Hoe kan Europa zich verweren tegen de populisten? Een terugblik op een bewogen verkiezingsjaar.
Michael Cottakis vergelijkt de strategie van toenadering van extreem-rechts door centrum-rechtse partijen (Kurz) met de meer rechtstreekse aanval van populisten door Macron.
Sebastian Kurz employed some skill in preventing the far-right Freedom Party from emerging first at the recent elections in Austria. But this political manoeuvring comes at a cost. His method for tackling populism is the adoption approach. The strategy attempts to borrow many of the populist’s arguments, rendering his/her political party toothless in an election (…) The re-branding of his Austrian People’s Party forestalled a tougher stance on immigration, while he borrowed the far-right’s polemical rhetoric on EU ‘Zentralisierung’, or ‘centralisation’. By the end of the campaign, the dividing lines between the centre-right and far-right were sufficiently blurred for one to ask: which is the populist?
Emmanuel Macron used different tools. His counter-vision approach involved debunking the tenuous promises made by his populist adversary Marine Le Pen, while offering attractive alternative arguments. This is the harder of the two to pull off. It requires an individual of political skill and personal charisma with the courage to confront the populist head-on, without fear of disturbing the ideological balance of one’s party. In his presidential election campaign, Macron offered a text-book example of how to deploy the counter-vision. He directly attacked Le Pen and her anti-euro arguments – and skilfully exposed their paucity. In so doing, he provided a convincing defence of France’s role in the European Union, while appealing to French patriotism.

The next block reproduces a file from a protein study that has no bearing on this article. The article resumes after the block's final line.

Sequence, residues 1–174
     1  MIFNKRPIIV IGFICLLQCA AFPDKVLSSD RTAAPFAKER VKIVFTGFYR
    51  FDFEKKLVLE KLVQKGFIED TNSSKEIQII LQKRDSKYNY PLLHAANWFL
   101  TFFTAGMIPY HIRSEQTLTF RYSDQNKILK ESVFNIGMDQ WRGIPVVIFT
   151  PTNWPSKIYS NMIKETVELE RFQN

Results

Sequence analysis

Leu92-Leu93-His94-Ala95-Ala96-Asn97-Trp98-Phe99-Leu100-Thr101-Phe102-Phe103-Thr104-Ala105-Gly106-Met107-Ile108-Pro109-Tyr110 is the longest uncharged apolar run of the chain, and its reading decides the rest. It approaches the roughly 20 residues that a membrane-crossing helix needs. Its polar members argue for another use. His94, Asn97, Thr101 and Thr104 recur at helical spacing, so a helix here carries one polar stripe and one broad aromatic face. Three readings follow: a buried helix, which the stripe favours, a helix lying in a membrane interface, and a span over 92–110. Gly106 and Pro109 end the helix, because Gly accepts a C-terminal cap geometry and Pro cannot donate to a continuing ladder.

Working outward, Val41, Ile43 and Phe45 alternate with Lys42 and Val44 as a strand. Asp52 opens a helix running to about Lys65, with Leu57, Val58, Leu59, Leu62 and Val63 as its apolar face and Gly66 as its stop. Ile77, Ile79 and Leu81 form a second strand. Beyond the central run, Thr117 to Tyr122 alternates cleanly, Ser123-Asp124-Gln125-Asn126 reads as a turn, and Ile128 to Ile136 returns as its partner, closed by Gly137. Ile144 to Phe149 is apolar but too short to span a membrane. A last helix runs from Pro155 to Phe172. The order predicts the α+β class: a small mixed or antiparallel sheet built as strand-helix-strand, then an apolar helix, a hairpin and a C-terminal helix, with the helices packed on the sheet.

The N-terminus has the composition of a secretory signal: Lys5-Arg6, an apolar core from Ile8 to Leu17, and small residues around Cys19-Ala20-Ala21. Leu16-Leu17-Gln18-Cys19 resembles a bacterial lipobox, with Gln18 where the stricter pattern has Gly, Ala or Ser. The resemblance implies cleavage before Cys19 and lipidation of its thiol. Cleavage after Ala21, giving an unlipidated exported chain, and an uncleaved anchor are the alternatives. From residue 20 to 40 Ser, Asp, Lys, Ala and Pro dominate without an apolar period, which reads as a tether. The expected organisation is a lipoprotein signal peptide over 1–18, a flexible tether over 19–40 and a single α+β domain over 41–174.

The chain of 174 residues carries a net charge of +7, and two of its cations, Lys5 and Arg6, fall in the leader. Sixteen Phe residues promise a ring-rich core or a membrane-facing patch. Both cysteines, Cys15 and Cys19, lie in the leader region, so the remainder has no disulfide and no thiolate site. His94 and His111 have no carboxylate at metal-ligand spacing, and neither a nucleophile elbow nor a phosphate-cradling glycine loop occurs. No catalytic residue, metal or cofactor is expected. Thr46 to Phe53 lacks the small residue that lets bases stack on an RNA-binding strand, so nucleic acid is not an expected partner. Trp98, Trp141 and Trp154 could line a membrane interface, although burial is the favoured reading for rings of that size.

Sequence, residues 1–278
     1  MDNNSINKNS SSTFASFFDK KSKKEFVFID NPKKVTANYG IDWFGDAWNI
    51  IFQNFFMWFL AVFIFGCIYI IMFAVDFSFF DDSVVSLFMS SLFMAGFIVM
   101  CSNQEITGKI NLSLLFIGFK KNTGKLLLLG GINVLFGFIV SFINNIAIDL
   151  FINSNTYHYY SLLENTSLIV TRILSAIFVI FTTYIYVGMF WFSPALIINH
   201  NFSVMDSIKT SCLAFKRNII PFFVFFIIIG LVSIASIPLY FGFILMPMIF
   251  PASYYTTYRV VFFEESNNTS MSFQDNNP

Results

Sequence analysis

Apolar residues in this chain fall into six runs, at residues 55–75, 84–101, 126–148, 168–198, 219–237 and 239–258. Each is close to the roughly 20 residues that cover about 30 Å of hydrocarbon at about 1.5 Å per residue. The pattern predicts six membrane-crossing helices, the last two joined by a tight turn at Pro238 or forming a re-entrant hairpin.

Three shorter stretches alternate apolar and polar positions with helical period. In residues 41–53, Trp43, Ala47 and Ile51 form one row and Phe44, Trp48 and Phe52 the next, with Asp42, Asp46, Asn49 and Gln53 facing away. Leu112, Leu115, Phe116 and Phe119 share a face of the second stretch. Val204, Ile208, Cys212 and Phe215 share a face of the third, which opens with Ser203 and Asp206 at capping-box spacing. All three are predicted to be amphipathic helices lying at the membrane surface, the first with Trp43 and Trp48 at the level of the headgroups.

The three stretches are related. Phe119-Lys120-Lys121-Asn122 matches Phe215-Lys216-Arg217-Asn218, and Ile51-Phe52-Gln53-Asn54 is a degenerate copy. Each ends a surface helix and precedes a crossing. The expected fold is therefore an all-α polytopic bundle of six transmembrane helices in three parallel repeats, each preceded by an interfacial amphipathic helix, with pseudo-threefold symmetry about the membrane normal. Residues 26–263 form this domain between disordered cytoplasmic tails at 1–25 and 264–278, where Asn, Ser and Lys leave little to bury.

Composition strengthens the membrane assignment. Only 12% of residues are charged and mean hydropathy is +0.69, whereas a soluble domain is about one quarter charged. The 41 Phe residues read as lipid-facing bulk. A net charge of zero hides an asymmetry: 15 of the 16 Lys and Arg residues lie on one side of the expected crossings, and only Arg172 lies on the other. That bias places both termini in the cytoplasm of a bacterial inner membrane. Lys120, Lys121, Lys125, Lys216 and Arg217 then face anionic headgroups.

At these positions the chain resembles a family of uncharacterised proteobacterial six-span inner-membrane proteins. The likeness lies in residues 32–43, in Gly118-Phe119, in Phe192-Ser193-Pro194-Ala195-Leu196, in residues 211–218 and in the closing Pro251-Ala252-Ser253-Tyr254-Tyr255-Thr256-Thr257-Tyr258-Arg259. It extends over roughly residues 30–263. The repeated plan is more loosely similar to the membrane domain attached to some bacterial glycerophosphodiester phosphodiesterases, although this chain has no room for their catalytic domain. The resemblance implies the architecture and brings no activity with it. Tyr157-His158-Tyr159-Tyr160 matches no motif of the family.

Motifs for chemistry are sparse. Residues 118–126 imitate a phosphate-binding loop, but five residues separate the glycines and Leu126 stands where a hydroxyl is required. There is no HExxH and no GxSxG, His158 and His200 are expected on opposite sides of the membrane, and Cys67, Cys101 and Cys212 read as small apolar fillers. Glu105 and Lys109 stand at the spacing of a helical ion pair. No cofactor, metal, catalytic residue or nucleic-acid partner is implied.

Cottakis vindt de aanpak van Kurz, die hij elders ook terugvindt bij centrum-rechts gevaarlijk.
The Kurz approach, if followed by others, will equate to a gentle ‘hollowing out’ of the European Project from within. Europe might be spared the Austrian Freedom Party, or indeed the Front National in power. But, if the Austrian and French centre-right adopt their policies anyway, what difference does it make?
For the time being, the adoption strategy seems more popular among Europe’s centrist parties than the counter-vision. Beyond Kurz, the best-known exemplar is the British Conservative Party, with Brexit the sorry outcome. In the Netherlands, Mark Rutte has demonstrated a clear rightward shift in his positioning on immigration, while Angela Merkel’s CDU/CSU has not been immune from the temptation to deploy the strategy.